O.K., just getting started here. There is a project that I started on GitHub which you can find under the project name (there), where it is presently titled "rubidium", and as far as rubidium and my C++ port of the propeller debug terminal, that project is what it is; but as far as the motivator is, well that is where is THIS saga begins, or will begin shortly, after a brief message from the Propeller Debug Terminal C++ version release notes.
Notes for Propeller Debug Terminal.
This is a C++ port of the Delphi code originally posted by Chip Gracey to the Parallax forums. Many issues are addressed in this code base that I hope others will find useful in developing their own Parallax Propeller P1/P2, Arduino or other microcontroller-based projects. Serial port interfacing using the FTDI USB hardware conversion is well developed, so that part of the code base can be used as a part of a framework for other developers who trying to develop their own bespoke applications. Thus, if you have been getting that dreaded "port in use error by another application" with some other program written in Java for the Arduino (for example), and requiring you to reboot or die, then you will find reasonably correct COM port interfacing code example here which should help banish that issue -- for once and for all. Just in case you are trying to build a real application ... and not just run test cases in the manufacturer's sandbox.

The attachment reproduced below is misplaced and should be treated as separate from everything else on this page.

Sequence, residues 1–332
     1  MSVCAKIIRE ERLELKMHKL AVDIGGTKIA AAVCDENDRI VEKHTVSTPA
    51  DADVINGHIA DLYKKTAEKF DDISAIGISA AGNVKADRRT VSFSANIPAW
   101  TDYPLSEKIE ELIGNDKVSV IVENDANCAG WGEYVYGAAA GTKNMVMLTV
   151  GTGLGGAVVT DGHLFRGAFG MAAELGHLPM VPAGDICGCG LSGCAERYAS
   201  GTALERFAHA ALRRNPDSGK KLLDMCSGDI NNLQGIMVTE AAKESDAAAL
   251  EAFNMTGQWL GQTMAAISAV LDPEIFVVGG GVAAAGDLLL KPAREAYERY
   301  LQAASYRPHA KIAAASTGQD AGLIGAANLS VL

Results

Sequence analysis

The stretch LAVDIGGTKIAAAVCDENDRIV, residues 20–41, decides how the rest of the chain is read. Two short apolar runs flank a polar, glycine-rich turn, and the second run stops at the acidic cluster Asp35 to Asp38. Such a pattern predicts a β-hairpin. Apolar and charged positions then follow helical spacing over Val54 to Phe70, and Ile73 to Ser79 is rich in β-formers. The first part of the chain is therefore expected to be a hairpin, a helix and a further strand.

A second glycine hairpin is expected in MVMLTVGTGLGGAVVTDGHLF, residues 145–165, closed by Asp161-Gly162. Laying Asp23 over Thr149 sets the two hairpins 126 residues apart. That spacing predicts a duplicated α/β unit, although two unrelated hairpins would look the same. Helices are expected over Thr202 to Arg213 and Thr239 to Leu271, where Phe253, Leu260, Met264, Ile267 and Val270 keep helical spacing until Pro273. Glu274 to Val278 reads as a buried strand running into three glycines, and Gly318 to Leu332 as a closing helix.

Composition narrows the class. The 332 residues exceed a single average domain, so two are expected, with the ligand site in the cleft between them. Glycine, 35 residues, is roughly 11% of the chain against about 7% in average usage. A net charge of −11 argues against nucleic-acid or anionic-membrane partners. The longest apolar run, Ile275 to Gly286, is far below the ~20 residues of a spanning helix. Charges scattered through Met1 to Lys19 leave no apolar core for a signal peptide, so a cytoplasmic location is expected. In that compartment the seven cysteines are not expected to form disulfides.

Likewise, many people are going to want to go beyond the typical ANSI terminal mode, which is usually all that is available when remotely debugging or otherwise interfacing with experimental external hardware. Now you should be able to incorporate UNICODE based symbols for things like chess fonts, Astrological symbols, Emojis etc. Additionally, providing for improved accessibility for users who need special input device (not provided) for reasons of disabilities will also be possible. Of course, if you are already using, or have used an IME (Input method editor) with another application, then you should have no problem adapting the Code base for use with Arabic, Chinese, Greek, Japanese, Mayan, or any other context that requires UNICODE awareness.